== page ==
I am honored to be involved with the PENN Museum (and its Penn Cultural Heritage Center), whose extraordinary archaeologists are at work on the ground in Syria and Iraq, trying to protect the ancient sites and antiquities that are most at risk from the ongoing civil war and unrest. Ancient sites like Palmyra have been bombed, looted, and deliberately destroyed. The footprints of the Assyrians, Sumerians, Persians, Phoenicians and Romans are being erased. By helping to preserve the work of our ancestors, not only do these brave women and men benefit the wider world, they are providing the residents of Syria and Iraq a piece of the foundation upon which they can start to rebuild once the violence in their countries end.

Regarding this haunting new exhibit, the Museum writes:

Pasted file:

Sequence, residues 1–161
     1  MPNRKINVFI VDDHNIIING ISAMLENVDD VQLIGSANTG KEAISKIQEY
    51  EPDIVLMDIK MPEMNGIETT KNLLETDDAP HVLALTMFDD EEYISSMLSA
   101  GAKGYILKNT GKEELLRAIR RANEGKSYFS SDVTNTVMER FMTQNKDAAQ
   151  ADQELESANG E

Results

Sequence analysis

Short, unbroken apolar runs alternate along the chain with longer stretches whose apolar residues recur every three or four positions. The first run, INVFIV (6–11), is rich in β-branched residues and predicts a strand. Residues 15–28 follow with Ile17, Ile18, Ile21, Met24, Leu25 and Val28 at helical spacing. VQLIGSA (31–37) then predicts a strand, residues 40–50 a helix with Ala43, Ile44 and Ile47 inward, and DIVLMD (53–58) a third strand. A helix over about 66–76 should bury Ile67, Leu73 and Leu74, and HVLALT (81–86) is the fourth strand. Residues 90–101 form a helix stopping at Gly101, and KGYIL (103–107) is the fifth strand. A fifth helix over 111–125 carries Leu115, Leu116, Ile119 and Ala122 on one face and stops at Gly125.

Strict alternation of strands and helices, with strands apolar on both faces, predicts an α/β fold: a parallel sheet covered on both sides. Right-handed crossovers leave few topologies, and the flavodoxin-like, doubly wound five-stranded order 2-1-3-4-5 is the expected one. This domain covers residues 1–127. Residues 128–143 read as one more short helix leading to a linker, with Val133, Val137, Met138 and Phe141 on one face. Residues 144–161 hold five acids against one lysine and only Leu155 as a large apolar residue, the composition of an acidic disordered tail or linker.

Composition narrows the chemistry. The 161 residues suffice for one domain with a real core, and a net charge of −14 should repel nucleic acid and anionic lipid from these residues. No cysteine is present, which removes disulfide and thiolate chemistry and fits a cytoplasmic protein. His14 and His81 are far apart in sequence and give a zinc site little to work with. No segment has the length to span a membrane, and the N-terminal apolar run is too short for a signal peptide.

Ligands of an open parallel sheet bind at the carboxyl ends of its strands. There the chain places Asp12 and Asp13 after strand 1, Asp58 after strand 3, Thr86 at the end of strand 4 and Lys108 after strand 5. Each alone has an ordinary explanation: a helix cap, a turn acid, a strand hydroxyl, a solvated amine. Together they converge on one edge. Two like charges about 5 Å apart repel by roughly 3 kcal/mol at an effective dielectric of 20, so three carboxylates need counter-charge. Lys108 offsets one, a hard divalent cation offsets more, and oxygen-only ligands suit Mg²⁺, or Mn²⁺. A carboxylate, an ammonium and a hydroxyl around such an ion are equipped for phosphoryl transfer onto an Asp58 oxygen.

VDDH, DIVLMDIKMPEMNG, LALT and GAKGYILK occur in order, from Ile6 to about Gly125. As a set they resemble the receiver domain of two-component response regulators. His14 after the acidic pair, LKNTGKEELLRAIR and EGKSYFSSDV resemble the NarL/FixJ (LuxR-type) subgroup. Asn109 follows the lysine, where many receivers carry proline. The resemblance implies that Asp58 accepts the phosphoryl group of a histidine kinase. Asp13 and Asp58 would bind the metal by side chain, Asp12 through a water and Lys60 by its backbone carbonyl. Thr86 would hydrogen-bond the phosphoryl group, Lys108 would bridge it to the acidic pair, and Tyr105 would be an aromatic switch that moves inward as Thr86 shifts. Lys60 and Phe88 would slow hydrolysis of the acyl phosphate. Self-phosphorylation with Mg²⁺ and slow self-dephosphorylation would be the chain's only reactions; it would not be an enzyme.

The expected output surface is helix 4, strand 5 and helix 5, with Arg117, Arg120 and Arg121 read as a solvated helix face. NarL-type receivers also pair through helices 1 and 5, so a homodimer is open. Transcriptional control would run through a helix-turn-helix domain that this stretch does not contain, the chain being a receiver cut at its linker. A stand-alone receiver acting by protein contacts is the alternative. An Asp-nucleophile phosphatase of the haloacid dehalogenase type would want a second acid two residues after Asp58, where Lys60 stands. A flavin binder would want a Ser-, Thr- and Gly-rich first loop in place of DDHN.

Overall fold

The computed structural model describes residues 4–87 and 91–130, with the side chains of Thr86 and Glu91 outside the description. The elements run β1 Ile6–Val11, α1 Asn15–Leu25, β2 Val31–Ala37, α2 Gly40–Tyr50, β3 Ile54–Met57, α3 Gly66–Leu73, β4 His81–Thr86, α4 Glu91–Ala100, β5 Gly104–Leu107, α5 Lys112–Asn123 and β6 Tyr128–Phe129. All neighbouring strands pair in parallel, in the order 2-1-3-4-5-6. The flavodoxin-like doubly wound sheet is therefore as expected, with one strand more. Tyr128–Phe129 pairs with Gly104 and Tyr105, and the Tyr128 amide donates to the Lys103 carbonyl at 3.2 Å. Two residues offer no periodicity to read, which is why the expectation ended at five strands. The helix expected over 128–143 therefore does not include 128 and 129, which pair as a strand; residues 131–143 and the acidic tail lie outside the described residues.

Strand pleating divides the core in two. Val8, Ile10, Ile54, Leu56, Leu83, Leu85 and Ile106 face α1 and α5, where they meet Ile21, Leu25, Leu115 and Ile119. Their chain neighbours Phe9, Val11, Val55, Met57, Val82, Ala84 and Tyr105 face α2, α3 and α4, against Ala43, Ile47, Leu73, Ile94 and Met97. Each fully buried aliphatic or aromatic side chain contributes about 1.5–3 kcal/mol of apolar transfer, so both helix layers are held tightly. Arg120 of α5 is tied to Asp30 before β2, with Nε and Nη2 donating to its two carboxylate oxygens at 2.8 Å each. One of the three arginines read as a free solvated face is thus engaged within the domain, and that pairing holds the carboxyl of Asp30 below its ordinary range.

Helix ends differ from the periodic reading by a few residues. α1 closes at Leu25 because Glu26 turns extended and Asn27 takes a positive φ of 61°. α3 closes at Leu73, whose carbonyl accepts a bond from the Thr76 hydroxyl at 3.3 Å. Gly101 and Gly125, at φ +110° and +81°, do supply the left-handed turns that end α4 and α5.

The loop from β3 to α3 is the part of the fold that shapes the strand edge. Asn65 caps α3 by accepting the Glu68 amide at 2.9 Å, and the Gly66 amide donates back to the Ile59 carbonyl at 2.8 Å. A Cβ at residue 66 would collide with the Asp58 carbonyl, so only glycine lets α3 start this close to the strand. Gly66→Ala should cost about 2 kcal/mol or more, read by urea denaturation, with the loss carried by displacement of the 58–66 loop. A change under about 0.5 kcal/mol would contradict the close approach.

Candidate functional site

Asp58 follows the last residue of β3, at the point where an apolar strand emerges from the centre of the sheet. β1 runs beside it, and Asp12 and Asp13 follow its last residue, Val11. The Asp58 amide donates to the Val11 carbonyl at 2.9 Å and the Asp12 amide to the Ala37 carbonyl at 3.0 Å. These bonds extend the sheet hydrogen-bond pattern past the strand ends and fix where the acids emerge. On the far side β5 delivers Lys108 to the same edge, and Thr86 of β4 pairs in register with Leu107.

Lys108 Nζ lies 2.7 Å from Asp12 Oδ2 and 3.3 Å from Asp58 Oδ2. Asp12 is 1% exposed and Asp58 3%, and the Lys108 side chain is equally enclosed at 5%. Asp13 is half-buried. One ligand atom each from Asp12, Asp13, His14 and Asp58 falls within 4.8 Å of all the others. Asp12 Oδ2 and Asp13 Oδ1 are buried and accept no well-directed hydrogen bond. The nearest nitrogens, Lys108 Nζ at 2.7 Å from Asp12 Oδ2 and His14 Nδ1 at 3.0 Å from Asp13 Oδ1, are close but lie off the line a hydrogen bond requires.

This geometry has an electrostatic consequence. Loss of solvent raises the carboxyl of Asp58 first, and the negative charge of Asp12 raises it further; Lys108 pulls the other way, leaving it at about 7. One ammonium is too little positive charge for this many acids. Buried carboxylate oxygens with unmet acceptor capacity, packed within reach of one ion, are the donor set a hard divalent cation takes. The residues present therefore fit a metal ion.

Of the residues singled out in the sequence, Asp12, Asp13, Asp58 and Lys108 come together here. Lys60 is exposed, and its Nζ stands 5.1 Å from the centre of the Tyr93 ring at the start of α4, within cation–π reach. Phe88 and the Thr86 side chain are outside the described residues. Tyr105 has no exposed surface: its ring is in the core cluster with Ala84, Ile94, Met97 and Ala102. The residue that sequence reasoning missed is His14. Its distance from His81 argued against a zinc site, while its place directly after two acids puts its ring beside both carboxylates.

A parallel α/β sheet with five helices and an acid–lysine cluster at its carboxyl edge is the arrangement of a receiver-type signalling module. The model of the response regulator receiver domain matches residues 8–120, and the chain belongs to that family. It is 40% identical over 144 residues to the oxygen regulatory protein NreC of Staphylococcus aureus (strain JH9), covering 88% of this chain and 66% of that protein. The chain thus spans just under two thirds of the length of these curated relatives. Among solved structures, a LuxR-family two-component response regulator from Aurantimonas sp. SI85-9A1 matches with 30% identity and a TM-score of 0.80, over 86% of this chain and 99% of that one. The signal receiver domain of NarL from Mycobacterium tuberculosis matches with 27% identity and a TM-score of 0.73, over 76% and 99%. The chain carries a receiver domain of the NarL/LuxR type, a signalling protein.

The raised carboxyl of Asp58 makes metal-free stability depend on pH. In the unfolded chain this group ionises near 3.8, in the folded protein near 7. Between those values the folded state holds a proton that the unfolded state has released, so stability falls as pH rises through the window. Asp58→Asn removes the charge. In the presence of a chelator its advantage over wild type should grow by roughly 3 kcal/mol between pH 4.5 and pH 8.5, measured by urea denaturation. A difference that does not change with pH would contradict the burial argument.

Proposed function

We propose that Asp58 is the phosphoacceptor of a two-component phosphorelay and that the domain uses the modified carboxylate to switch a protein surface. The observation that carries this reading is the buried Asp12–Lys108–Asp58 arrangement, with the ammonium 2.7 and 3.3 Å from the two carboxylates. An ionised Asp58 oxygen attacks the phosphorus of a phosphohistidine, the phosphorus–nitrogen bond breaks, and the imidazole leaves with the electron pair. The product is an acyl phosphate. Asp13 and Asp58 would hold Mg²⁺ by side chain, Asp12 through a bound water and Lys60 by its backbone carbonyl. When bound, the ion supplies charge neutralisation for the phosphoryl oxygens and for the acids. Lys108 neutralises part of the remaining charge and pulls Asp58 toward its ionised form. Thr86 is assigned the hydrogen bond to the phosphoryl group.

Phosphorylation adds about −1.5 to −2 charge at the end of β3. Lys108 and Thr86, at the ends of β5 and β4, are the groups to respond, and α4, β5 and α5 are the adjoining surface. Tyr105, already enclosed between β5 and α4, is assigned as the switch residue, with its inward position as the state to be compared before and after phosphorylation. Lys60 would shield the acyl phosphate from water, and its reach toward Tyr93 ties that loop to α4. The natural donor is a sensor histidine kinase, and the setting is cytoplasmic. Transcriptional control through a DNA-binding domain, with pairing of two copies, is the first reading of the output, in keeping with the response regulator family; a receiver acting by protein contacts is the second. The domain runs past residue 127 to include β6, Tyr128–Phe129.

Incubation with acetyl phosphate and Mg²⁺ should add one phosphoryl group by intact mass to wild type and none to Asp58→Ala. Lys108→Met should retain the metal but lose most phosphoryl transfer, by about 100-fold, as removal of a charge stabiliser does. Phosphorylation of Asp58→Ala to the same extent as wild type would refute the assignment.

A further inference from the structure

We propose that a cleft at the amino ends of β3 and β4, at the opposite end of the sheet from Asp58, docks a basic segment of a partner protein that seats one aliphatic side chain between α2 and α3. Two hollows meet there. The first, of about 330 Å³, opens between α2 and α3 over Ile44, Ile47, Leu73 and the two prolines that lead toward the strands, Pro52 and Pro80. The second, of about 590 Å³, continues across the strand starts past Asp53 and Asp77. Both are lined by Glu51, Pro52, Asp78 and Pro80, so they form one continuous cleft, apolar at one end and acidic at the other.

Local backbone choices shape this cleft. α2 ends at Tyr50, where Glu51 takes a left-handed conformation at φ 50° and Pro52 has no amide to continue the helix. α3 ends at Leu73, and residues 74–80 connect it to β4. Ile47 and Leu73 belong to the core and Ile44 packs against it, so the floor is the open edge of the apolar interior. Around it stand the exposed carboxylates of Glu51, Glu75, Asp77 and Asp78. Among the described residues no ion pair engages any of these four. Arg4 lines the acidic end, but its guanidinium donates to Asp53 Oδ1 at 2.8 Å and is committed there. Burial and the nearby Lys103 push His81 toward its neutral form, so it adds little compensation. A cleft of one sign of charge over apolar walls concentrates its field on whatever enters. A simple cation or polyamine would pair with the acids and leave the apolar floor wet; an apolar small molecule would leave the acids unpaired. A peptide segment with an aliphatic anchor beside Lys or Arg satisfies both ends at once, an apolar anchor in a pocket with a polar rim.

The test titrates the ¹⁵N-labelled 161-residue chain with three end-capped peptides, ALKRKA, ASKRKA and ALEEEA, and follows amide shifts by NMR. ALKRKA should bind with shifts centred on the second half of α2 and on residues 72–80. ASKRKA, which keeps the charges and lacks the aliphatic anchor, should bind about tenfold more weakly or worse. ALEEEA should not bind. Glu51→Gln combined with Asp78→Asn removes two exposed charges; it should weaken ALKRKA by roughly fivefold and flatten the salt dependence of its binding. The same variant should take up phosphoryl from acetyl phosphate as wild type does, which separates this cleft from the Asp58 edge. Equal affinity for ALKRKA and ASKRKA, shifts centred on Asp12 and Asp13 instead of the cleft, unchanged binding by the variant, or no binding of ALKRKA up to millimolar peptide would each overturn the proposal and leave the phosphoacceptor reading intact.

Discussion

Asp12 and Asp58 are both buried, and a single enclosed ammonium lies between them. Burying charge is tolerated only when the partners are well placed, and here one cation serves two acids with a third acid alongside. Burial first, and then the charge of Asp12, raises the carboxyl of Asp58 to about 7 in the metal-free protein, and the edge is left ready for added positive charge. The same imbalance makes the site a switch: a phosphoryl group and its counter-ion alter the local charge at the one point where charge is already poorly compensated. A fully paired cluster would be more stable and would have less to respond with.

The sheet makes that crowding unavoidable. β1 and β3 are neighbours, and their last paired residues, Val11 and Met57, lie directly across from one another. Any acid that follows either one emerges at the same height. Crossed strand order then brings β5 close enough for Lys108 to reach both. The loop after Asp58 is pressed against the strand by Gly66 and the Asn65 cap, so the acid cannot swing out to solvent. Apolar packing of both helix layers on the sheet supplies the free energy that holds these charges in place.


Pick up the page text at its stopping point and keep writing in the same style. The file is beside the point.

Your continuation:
“This new exhibition, created in conjunction with the Penn Cultural Heritage Center, sheds light on the ongoing destruction of cultural heritage in the Middle East by showing what’s at stake—the rich history of the region and the diversity of its people—and what’s being done to prevent the loss of this history and cultural identity. Fascinating ancient art and artifacts from the Penn Museum’s extensive Near East collection tell stories of the cultures of Syria and Iraq through time. Contemporary artwork from Issam Kourbaj, a Syrian artist based in Cambridge, UK, provides an art intervention—a modern-day response to the artifacts and themes. The exhibition features the important work being done by the University of Pennsylvania and Smithsonian Institution in conjunction with individuals and groups in the Middle East to help combat the loss of irreplaceable cultural heritage.”